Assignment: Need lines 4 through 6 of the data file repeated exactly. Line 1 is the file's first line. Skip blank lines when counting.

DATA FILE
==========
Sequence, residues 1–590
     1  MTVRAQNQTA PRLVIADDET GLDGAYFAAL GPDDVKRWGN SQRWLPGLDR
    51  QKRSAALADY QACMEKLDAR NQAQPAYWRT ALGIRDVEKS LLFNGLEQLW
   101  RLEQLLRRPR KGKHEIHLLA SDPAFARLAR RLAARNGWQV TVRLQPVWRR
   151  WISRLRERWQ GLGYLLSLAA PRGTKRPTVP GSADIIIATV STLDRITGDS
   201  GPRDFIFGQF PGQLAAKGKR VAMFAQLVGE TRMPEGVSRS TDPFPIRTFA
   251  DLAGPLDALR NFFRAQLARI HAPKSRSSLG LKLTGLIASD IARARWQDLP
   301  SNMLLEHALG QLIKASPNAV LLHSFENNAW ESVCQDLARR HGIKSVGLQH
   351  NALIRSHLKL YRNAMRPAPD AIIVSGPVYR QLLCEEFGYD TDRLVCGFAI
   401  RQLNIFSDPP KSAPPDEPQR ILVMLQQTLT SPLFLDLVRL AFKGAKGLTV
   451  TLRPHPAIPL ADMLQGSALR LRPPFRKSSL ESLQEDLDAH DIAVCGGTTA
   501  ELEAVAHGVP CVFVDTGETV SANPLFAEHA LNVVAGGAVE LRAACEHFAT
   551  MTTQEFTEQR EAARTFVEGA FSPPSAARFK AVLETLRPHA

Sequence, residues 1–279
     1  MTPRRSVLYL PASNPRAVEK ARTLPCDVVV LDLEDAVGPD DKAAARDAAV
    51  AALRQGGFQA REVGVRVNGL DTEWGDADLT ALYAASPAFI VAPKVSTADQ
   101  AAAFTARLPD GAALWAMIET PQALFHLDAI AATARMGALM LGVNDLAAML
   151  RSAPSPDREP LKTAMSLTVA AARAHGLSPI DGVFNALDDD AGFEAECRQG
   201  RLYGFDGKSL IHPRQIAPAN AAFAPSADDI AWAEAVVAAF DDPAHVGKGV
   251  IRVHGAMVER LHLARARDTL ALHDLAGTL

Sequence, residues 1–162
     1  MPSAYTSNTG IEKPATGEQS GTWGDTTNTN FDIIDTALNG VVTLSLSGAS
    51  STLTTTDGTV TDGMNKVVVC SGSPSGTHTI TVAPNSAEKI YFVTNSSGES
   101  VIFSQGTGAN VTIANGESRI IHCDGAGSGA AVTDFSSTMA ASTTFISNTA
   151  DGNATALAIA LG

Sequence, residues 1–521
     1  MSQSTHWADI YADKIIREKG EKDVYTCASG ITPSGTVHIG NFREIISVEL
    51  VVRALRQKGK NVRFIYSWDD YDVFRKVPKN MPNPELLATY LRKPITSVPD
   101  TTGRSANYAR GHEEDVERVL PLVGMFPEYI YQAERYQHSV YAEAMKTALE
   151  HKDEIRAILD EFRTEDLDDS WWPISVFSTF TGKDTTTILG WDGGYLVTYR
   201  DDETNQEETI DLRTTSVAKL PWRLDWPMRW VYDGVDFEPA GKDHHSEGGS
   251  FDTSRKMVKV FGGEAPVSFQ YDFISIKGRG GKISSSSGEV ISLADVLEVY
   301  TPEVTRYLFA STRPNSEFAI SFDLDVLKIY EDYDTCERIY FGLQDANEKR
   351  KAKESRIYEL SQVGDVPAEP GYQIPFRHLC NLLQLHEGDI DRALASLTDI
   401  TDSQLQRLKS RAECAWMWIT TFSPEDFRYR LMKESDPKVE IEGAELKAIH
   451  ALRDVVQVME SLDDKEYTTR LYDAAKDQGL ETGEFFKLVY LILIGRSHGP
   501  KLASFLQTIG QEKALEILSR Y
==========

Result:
   101  RLEQLLRRPR KGKHEIHLLA SDPAFARLAR RLAARNGWQV TVRLQPVWRR
   151  WISRLRERWQ GLGYLLSLAA PRGTKRPTVP GSADIIIATV STLDRITGDS
   201  GPRDFIFGQF PGQLAAKGKR VAMFAQLVGE TRMPEGVSRS TDPFPIRTFA